He now jams fairly regularly with the four-man band Dirty Cargo on Saturday afternoons at the Hardwick House in Orangeville. “Lead guitar Neil Board is a really good player. He’ll play a riff, and then I’ll play a riff on the harp.” Hal also performs on occasional Sunday afternoons at Erin’s Busholme Inn.
Surprisingly then, asked which of all his accomplishments has made him feel most alive, Hal chooses a decidedly less glamourous pursuit: “Probably the volunteer work I do at the hospital. I’ve been doing it for about fifteen years, two afternoons a week. It’s called ‘escort.’ Pushing people around on wheelchairs and stretchers, mostly.”
Now 83, Hal credits remaining physically and mentally active with keep-ing him going as the years progress.
And he feels his most important role in life has had nothing to do with his creative or professional interests. It’s “fathering four children” in two previous marriages.
“Two of my children are in their early fifties, and two are in their late twenties and early thirties. My daughter Dianne is the oldest, and I have three sons: Eric, Byron and Sean.” He describes his relationship with all of them as “very close.”
That closeness is perhaps best reflected in the fact that, in one way or another, his children have all followed in his footsteps. Dianne is a teacher, while the three boys all attended art school and two of them are musicians. Hal also has two grandchildren, with a third on the way.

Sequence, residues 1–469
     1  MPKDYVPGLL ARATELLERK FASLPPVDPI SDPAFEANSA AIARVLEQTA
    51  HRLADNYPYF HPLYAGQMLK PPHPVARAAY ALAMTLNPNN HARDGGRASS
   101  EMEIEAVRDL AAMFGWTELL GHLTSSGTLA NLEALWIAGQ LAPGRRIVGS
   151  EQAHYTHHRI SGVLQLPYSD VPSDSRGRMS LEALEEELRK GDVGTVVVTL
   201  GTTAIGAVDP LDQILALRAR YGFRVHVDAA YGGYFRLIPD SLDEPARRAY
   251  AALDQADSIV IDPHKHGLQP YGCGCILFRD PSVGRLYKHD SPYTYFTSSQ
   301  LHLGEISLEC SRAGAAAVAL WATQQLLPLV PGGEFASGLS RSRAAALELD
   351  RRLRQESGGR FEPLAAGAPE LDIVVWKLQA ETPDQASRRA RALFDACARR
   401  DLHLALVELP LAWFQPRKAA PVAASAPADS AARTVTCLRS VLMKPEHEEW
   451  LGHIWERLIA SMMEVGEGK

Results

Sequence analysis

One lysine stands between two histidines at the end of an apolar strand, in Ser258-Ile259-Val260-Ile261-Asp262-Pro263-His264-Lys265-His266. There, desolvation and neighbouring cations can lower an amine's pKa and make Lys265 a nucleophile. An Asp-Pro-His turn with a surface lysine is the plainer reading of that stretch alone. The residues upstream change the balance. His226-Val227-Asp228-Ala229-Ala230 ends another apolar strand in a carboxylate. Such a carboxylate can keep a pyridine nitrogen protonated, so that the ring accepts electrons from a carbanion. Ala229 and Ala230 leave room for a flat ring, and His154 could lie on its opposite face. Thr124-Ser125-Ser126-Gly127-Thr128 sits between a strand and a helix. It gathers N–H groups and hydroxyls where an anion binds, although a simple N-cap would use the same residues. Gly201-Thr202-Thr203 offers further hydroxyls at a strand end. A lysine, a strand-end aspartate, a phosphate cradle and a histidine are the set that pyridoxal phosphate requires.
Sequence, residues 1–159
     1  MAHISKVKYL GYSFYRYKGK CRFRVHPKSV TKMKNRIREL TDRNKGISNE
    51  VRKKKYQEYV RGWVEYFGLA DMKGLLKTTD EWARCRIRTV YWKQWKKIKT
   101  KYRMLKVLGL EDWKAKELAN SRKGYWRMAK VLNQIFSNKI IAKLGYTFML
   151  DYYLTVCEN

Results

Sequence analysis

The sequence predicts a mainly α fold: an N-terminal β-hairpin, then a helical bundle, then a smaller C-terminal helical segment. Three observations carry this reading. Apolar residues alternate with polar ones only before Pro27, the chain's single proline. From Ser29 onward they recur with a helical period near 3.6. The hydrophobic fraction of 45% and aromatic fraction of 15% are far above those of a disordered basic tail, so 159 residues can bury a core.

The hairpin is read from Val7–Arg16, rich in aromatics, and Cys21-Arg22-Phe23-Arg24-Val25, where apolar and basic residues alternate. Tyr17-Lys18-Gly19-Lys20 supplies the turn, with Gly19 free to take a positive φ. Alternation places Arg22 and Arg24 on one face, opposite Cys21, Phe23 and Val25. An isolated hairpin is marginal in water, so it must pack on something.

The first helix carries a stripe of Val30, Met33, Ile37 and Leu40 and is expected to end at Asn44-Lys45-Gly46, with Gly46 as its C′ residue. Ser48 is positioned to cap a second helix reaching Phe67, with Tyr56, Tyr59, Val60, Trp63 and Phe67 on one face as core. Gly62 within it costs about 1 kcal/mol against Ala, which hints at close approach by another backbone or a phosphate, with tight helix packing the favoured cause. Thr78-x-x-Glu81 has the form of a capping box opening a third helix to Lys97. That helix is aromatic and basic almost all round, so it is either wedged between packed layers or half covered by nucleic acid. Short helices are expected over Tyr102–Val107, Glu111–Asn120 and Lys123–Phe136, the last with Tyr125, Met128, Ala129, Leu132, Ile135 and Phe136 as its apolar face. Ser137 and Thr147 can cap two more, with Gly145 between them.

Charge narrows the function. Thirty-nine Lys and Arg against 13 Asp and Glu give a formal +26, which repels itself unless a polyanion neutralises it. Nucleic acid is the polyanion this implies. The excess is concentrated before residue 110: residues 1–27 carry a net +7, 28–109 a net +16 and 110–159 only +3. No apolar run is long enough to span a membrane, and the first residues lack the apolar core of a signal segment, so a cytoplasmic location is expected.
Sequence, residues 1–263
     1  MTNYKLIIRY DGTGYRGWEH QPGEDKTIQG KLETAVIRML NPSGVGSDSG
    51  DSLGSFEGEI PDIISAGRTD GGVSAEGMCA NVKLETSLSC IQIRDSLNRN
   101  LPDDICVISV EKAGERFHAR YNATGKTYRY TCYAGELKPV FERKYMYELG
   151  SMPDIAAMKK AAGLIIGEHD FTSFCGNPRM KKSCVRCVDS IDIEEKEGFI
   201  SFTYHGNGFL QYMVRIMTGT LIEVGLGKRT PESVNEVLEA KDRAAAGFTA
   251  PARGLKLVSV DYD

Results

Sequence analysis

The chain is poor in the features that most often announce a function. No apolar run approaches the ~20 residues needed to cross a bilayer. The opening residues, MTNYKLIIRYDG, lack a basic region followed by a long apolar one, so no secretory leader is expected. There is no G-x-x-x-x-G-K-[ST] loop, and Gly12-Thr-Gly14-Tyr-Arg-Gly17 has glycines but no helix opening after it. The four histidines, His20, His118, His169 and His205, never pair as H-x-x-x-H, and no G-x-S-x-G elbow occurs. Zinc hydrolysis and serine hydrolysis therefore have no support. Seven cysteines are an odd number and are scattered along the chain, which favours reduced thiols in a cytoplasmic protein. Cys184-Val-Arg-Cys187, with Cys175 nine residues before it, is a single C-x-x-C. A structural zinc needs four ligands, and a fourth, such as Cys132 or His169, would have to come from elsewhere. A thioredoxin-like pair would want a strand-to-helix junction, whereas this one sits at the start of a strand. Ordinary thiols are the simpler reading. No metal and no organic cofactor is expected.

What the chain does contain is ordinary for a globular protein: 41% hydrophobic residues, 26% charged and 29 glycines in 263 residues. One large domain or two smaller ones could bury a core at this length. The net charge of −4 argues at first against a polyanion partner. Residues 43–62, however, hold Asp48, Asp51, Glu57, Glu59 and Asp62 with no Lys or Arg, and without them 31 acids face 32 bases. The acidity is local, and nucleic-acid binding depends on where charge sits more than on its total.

Hal and Marion have lived together for about fourteen years. “We met at a line dancing class,” he recalls, “and we liked to jive together. We still dance whenever we get a chance.”
He remains an active learner, as well. Currently, he’s taking a course on computers and the Internet. A shiny new computer has taken up residence in a little room off his studio.
Always an avid outdoorsman, Hal also continues to hike and snowshoe. He and friend and fellow artist Helmut Koell can frequently be found hiking the Bruce Trail.
The wilderness is where he’d like to end up, too. “I’ve gone canoeing up in Algonquin with all my sons,” Hal says, and adds that when he dies, “I’d like them to go out in the canoe and sprinkle my ashes on the water somewhere.”
Maybe the canoe can be red, and his friend Larry Kurtz can play some twelve-bar blues.